US-China Policy Hackathon

CNC
Added On October 7, 2018

The first U.S.-China Policy Hackathon has kicked off in Austin, the capital city of U.S. state of Texas.
 
It gathers U.S. and Chinese entrepreneurs and officials to discuss how to make use of subnational collaboration to bring more mutual benefits.
 
 
The U.S.-China Policy Hackathon was held in Austin on Wednesday, and more than 20 American and Chinese entrepreneurs, business leaders and policy makers attended the event.
 
The event was co-hosted by the China Public Policy Center (CPPC) at the University of Texas at Austin, U.S.-China Innovation Alliance (UCIA) and the Capital Factory, a center of gravity for entrepreneurs in Texas.
 
Collaboration and exchanges were the priorities of the discussion.
 
Participants shared the view that in the current context of U.S.-China relations, subnational collaboration and people-to-people exchanges between the two countries are the viable and sustainable path toward positive results.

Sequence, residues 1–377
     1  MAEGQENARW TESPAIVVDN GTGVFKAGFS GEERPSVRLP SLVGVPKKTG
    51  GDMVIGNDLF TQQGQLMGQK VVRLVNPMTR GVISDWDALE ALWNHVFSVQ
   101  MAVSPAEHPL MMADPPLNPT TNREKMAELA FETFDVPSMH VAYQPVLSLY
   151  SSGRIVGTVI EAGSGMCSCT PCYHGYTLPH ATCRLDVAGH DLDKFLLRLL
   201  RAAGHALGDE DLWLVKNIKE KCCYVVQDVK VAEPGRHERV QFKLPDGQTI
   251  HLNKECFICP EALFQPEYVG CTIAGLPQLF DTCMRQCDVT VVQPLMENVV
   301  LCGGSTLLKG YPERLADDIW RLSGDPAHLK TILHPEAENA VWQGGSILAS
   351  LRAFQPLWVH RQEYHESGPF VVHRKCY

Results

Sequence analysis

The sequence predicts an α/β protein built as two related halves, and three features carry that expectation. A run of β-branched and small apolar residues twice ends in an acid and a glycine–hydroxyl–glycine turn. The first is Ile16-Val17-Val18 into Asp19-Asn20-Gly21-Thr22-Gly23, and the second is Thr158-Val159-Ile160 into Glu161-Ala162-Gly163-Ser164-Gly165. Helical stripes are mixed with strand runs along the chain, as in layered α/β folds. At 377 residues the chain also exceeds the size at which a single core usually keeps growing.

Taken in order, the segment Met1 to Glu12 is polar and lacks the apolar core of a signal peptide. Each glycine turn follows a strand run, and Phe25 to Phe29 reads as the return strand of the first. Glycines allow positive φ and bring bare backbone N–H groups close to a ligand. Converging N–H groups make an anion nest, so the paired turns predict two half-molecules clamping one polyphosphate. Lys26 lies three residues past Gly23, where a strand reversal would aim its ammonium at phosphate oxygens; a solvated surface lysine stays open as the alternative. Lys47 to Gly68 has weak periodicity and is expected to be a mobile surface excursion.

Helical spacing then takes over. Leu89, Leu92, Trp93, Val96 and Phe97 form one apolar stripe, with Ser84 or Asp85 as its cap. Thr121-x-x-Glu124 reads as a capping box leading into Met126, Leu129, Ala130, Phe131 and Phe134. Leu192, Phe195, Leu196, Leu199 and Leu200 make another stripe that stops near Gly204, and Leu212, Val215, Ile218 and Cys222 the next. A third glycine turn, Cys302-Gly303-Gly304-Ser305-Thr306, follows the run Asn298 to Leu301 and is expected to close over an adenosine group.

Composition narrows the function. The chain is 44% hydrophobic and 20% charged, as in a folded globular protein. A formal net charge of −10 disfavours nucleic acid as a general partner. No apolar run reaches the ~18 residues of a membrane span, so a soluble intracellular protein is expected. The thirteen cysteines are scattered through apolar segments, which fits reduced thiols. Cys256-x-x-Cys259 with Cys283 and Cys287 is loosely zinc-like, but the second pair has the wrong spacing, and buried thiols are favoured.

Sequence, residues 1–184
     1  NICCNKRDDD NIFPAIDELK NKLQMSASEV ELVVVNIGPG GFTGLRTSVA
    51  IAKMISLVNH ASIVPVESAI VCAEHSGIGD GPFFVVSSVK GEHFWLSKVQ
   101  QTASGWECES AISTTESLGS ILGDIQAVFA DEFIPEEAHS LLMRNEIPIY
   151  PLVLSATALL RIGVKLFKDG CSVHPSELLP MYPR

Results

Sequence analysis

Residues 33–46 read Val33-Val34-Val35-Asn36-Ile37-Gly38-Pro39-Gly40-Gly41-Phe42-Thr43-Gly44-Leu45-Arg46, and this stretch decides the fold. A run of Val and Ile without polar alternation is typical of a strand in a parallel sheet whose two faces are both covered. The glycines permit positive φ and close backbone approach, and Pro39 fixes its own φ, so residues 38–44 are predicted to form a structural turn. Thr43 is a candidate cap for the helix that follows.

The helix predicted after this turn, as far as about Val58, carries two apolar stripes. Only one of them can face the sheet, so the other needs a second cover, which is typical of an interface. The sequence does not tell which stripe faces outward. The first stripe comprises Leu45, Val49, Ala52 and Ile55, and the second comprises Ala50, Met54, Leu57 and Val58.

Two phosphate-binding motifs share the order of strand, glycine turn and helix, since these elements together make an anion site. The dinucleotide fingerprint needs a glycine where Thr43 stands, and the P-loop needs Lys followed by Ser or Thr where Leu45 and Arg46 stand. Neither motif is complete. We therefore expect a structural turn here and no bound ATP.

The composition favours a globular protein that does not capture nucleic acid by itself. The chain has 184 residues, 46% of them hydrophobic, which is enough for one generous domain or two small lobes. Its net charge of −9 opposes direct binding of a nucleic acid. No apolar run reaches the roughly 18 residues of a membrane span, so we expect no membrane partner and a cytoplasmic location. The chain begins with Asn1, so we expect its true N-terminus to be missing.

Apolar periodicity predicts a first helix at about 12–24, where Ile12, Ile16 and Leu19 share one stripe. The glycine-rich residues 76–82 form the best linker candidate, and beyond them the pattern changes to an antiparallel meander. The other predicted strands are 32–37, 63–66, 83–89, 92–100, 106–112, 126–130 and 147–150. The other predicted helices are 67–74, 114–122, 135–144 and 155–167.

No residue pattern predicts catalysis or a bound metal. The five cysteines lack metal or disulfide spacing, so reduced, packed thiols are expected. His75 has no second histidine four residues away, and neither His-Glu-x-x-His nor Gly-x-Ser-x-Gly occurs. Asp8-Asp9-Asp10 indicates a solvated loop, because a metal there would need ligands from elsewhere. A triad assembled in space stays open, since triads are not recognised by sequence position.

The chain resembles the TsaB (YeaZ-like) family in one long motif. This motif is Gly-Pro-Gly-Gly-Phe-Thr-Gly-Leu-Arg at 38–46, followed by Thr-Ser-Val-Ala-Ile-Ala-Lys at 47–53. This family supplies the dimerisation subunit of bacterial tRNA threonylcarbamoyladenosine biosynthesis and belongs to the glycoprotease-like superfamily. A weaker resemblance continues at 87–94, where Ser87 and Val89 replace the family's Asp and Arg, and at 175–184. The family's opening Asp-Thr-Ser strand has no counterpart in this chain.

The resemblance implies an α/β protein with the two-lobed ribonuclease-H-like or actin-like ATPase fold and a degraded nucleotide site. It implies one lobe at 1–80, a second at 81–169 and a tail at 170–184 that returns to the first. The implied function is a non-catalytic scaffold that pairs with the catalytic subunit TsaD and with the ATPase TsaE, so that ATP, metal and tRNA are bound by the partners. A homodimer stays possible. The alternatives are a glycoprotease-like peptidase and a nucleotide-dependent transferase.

SOUNDBITE (ENGLISH): DAVID FIRESTEIN, Founding Executive Director at CPPC
"By bringing those particular perspectives together, a Chinese entrepreneur, an American entrepreneur and a policy expert, we think that we do a better job of covering the bases in terms of the different perspectives and getting the kind of input that we need to advance ideas that are going to work better in the real world."
 
This idea was echoed by Timothy Stratford, the managing partner of Beijing office at Covington & Burling LLP and former assistant U.S. trade representative for U.S.-China trade relations.
 
SOUNDBITE (ENGLISH): TIMOTHY STRATFORD, Former Assistant US Trade Representative
"When you can interact on a person-to-person basis, then people can understand and work out complicated problems much better."
 
Firestein also believed local-level activities could push forward the mutually beneficial and politically sustainable relationship.
 
SOUNDBITE (ENGLISH): DAVID FIRESTEIN, Founding Executive Director at CPPC
"State-to-state, state-to-province, or community-to-community engagement are the kind of things that we think we can do more and should do more to generate a ballast in the U.S.-China economic trade, investment and business engagement relationship."